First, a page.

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Comment: Re:meeses (Score 1) 361

by nycsubway (#45705705) Attached to: How long do your computer mice last?

In college, my friend came to my apartment and saw the lint in my mouse and said "Let me clean that out..." and I was like "No, don't take it off! It's felt on the rollers, its supposed to be there!"
I really thought there was a layer of felt on the rollers that was part of the mouses design... I had obviously never looked closely at a clean or new mouse before.

Comment: Excellent summary (Score 4, Insightful) 249

by nycsubway (#44695981) Attached to: Vermont Yankee Nuclear Plant To Close In 2014

I've heard this story on NPR, which tends to be known for accurate reporting and lack of sensationalism. This was an excellent summary on Slashdot. I hope the editors, or what's left of them, continue to pick stories that are factual and not sensational. The comments on Slashdot resulting from those type of stories are often more readable too.

For the story itself, it's interesting to see the business side of nuclear and the real reasons why plants are built and decommissioned. ie, its not always about environmentalism or NIMBY. Nuclear is a decent way to generate power compared to fossil fuels because the nuclear by-products can be contained more assuredly than greenhouse gases, assuming that all of the environmental factors are taken into account. Those environmental factors however are what make it difficult to accept because its very expensive to ensure everything is contained.

Comment: Model cycling (Score 4, Insightful) 213

by nycsubway (#43096763) Attached to: ISP Trying Free (But Limited) Home Broadband Plan

Hopefully the home ISP market won't follow the cyclic model of the cell phone industry. With cell phone data, first you paid by the kB, then they introduced unlimited data plans, then they capped the limits and you paid by the GB, now they're going back to unlimited data plans. I'd prefer the home ISPs to not do that. They've always been unlimited (within reason) so I'd wouldn't like to see some small company changing the model for the industry.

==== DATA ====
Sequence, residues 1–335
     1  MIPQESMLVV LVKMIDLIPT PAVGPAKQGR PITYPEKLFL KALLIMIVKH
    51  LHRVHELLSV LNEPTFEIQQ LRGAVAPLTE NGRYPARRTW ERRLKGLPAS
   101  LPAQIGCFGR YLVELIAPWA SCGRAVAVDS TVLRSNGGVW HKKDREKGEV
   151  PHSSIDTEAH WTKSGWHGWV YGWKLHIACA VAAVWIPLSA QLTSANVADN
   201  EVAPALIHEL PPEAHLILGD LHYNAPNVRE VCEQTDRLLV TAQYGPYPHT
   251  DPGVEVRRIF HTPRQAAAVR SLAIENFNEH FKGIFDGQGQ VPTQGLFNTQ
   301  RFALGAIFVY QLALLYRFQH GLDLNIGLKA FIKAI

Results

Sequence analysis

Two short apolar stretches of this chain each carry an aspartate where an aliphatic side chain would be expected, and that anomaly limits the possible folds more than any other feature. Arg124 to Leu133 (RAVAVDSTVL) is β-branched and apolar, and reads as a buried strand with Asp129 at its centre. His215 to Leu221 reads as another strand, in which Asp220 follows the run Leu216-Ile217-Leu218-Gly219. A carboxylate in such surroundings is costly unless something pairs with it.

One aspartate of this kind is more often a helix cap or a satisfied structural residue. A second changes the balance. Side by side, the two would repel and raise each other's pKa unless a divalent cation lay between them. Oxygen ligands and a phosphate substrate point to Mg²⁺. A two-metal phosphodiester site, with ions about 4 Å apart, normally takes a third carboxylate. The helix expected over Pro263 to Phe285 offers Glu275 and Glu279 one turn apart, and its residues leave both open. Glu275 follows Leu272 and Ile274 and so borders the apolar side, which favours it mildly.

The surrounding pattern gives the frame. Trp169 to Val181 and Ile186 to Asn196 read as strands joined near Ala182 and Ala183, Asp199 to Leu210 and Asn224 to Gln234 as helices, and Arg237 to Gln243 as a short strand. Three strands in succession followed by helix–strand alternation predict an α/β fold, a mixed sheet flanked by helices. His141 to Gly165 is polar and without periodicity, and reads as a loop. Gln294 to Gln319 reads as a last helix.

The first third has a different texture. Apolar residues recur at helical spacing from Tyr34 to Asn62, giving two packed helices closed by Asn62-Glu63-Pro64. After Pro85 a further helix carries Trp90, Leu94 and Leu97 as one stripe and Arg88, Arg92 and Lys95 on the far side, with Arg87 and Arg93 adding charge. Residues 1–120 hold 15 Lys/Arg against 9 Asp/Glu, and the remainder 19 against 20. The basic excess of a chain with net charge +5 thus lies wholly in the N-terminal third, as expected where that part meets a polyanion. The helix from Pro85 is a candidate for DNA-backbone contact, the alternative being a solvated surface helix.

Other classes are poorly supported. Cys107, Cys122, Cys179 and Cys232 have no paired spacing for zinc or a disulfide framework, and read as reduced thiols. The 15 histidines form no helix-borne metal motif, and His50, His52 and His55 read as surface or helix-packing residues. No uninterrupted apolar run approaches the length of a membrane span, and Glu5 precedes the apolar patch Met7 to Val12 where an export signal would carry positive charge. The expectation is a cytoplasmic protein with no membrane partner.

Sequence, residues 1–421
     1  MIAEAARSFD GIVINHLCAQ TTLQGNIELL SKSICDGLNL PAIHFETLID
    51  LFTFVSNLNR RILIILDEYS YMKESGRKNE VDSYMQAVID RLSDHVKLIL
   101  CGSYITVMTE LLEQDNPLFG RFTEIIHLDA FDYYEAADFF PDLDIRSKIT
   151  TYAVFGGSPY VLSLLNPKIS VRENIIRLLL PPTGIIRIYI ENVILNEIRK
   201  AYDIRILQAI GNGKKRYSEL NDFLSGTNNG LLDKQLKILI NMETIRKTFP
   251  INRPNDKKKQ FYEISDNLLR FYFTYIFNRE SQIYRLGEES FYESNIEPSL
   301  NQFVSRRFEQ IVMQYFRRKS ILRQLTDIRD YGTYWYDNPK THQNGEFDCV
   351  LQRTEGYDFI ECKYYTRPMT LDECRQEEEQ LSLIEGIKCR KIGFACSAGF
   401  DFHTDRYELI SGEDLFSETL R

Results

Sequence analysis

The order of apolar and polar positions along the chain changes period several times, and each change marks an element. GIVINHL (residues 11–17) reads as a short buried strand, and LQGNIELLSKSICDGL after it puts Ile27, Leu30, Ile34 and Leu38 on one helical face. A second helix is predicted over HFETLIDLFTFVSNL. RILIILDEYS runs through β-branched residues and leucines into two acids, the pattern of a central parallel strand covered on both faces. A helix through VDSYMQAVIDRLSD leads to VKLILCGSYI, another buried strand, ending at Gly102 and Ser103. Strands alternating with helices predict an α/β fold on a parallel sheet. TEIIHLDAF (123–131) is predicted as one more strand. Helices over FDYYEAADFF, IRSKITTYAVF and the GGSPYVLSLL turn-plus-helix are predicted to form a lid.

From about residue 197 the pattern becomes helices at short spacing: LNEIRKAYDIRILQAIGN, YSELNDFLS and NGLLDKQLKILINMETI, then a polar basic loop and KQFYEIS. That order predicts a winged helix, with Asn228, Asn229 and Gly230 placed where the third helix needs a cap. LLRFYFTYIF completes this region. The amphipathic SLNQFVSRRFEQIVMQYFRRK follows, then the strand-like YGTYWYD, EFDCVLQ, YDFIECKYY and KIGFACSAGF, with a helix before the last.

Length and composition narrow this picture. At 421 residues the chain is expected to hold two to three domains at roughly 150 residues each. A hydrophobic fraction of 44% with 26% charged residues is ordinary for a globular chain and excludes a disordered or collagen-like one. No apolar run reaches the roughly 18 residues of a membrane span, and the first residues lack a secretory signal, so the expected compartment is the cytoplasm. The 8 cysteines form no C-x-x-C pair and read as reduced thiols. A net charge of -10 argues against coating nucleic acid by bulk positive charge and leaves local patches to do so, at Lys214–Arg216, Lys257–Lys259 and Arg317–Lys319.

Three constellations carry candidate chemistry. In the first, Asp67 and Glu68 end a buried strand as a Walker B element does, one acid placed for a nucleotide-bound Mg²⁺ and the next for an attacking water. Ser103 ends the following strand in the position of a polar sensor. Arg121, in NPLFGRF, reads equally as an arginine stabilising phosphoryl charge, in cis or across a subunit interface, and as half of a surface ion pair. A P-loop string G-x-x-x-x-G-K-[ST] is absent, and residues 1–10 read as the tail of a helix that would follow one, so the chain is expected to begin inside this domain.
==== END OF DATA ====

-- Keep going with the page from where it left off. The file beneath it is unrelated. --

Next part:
Comment: Yes (Score 1) 445

by nycsubway (#42203477) Attached to: Ask Slashdot: Do You Still Need a Phone At Your Desk?

I work at a hospital, in a research department. Surprisingly its more efficient to talk to people over the phone than it is through other means. You can only type so fast, and sometimes you need to use a lot words back and forth when you're talking with someone who's in a different field than you.

I'm not talking about help desk stuff... if a scientist needs clarification from an engineer about a technical problem.. the phone is the best method. If you are trying to recruit participants for medical experiments... the phone. If you are talking to someone from a different department about transferring data... the phone. If you are talking to a nurse or surgeon on a medical unit about a patient in a research study... the phone.

As always, just because the engineers think it will people time if they improve technology doesn't mean it actually will. Hospitals have tried replacing phones with other devices, and it just doesn't work. The phone is the simplest device for communication, and it will stay.

One of the biggest challenges engineers face is accepting that the current technology is adequate and that no radical changes are necessary.

% A bank is a place where they lend you an umbrella in fair weather and ask for it back the when it begins to rain. -- Robert Frost

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